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It seems to be UCAC4-461-005908

Information from catalog: 4UC
Visual magnitude: 12.61
Colour index: 0.98
Proper motion in right ascension: 9 [mas/y]
Proper motion in declination: -4 [mas/y]
flags: 0

Coordinates: Apparent
Apparent RA: 04h06m00.281s DE:+02?06'00.22"
Mean of the date RA: 04h05m58.350s DE:+02?06'02.00"
Astrometric J2000 RA: 04h05m14.990s DE:+02?03'48.58"
Ecliptic L: +59?50'01" B:-18?24'03"
Galactic L: +188?51'02" B:-34?59'32"

That's from the CdC version of UCAC4.

It will be a challenge seeing that visually with even a 10" scope but would be quite easy to get an image of it.


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Im hoping within the next few weeks I'll get some decent time to go out on the moors to actually get comfortable with alignment and try finding a few easy objects and then once im competent with that I'll move to more difficult ones amd find what I can amd can't do with the current scope and eventually upgrade when I have saved up, the main objective now though is to become proficient in using my less ideal equipment amd then when I move on to ideal equipmemt which I'll have the skills needed to go even further. I sort of get the kick out of the challenge of making do with what I have and become the best I possibly can with that :) keep motivated everybody! You all give me good advice and inspiration and help me along this new path which is also giving me the boost and fuelling my thirst for what ever the skies have out there which I never would have thought about a few months ago :)

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it's in the constellation of taurus. Coordinates are RA4h5m14.99s D2°3'49.47" please let me know if you find it. Its the one circled in red on the star map

Hi Sam,

thanks for that but I guess I might have a problem locating it since I only have a 6" Newt, no goto and restricted views from my garden. I'll try perhaps the next time I'm out with a friend in the field cuz he's got a 16" dob which is much more like it but heaven alone (literally) knows when that will be.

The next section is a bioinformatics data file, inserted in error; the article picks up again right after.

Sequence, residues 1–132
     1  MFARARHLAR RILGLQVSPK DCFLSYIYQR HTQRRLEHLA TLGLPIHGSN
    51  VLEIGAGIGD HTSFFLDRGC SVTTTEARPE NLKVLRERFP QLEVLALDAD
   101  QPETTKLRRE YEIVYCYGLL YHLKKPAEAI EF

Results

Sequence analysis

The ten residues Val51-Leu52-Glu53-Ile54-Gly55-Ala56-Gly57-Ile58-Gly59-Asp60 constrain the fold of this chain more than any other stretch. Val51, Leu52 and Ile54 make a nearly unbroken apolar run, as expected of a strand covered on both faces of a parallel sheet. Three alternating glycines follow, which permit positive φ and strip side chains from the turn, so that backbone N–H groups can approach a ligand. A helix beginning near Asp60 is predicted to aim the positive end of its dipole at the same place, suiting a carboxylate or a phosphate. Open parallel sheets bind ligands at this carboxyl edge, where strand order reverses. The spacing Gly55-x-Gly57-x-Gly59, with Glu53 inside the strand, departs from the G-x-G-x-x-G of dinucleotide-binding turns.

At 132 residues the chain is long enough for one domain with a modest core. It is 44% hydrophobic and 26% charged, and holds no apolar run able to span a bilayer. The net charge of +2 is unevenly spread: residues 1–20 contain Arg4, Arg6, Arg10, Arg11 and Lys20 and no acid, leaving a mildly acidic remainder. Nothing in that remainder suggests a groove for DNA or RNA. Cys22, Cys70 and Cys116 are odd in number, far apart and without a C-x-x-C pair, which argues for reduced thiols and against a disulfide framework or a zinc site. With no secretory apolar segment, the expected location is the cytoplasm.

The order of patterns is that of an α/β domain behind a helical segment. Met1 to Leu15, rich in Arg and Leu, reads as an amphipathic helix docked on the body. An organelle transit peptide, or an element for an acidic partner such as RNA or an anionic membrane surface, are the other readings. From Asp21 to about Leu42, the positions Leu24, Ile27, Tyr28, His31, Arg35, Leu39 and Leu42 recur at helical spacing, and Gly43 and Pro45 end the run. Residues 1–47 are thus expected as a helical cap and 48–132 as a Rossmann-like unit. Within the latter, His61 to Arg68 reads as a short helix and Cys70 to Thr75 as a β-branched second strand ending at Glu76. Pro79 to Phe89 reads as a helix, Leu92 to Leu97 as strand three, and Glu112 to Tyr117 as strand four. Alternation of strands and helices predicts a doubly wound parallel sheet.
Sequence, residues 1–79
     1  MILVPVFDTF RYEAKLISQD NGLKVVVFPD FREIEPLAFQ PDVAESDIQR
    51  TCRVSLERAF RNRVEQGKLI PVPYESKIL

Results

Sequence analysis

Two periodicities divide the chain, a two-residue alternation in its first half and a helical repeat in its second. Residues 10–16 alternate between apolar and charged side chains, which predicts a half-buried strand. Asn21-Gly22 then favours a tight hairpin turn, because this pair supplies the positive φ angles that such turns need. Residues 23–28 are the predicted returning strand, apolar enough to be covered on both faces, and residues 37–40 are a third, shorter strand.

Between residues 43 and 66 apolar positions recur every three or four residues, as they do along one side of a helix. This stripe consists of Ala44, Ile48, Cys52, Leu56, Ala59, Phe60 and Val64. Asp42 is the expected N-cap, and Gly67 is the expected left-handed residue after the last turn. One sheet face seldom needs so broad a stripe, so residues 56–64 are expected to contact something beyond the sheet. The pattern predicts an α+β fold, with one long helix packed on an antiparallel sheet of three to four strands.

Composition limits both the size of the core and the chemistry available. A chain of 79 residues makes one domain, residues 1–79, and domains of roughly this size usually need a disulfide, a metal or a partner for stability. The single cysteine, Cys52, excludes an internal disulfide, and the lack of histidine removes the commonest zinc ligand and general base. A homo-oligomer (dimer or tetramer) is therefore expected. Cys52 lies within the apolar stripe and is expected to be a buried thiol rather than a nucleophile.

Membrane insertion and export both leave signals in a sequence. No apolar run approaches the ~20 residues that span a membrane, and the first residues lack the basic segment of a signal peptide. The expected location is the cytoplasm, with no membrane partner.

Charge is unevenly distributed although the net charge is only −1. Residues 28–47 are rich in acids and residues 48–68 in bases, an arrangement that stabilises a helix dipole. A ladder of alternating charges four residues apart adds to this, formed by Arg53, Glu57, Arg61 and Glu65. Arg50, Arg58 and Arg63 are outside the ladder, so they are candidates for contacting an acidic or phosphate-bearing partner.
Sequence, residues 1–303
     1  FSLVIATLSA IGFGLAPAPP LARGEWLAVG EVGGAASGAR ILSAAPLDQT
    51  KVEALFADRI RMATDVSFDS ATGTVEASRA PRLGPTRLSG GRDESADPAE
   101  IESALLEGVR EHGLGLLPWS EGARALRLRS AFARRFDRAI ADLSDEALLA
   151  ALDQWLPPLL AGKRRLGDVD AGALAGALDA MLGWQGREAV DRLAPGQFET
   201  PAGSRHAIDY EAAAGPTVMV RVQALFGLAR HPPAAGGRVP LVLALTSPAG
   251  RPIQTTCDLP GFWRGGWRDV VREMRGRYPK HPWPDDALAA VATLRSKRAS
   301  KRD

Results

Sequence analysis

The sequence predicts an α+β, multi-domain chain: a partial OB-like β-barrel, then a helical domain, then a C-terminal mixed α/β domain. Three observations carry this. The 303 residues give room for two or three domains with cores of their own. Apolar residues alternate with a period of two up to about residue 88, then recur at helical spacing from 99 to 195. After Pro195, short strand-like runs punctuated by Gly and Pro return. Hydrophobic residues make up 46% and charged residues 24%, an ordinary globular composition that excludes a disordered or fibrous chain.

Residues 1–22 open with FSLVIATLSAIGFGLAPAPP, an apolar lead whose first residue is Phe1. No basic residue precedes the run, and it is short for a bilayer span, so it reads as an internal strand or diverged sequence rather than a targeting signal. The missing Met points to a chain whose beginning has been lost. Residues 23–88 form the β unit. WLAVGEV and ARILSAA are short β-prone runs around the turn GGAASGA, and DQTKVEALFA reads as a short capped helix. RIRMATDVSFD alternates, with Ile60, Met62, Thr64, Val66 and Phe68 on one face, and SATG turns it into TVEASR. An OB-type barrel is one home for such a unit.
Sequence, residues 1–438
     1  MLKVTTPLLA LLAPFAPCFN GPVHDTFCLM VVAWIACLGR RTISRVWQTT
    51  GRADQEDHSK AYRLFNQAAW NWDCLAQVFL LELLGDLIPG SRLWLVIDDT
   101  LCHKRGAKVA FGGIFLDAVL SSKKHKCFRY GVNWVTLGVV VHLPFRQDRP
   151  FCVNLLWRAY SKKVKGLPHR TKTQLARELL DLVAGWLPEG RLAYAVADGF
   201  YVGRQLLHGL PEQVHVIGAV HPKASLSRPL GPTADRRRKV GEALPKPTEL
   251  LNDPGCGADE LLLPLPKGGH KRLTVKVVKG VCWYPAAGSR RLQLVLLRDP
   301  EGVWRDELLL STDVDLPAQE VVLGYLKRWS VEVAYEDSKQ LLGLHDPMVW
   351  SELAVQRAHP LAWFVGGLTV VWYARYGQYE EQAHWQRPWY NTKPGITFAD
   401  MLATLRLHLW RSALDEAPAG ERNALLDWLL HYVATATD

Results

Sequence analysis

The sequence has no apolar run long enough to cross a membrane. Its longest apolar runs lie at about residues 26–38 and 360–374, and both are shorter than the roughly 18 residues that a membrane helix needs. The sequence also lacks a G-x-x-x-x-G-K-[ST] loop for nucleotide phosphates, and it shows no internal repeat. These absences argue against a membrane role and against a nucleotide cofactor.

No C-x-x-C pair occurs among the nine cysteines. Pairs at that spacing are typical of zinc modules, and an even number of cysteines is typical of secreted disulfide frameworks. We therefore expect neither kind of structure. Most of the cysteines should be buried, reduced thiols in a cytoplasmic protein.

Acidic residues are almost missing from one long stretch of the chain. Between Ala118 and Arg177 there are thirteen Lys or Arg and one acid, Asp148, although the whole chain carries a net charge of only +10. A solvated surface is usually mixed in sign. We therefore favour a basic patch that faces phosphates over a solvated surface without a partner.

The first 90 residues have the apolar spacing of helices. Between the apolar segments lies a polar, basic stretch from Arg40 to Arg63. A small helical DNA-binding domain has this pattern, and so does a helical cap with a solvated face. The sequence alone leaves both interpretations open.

Like you I am not racing to get the biggest, fastest, all sigin' 'n' dancin' scope with all the bells and whistles. I too see it as a challenge to see how far I can go with my modest set up and learning as I go along. There are more than enough sights out there within reach of my scopes and bins to last me the rest of my life probably I guess with the universe we really are spoilt for choice.

Kind regaqrds


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Im not really up on the types of telescopes. So can you could you set me straight please. My scope is a celestron 5" reflector scope power seeker 127eq. Is this a newtonian type scope?

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Hi Sam,

yes your scope is a Newtonian on an EQ (equatorial) mount.

The main mirror at the bottom of the scope is 5" in diameter (=127mm) and there is a secondary mirror near the open end at an angle which reflects light from the main mirror into the eyepiece. This is the usual configuration for Newtonians named after Newton who invented this type of telescope. It is a reflector because it reflects the light into the eyepiece via mirrors whereas a refractor scope uses one or more lenses to focus the light into the eyepiece - refractors are typically physically longer than Newtonians of equivalent focal length.

Your telescope has a focal length of 1000mm and so could be referred to as a 127/1000 Newtonian.

Hope this helps.

Kind regards


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I somehow understood all thebsizes etc I even seem to understand magnification as well. But scope types I don't really know.

Thanks alot though Roger its great having people like yourself who are able to give even thougg smallest bits of info and answer any question that comes to mind

Sent from my GT-I9505 using Tapatalk

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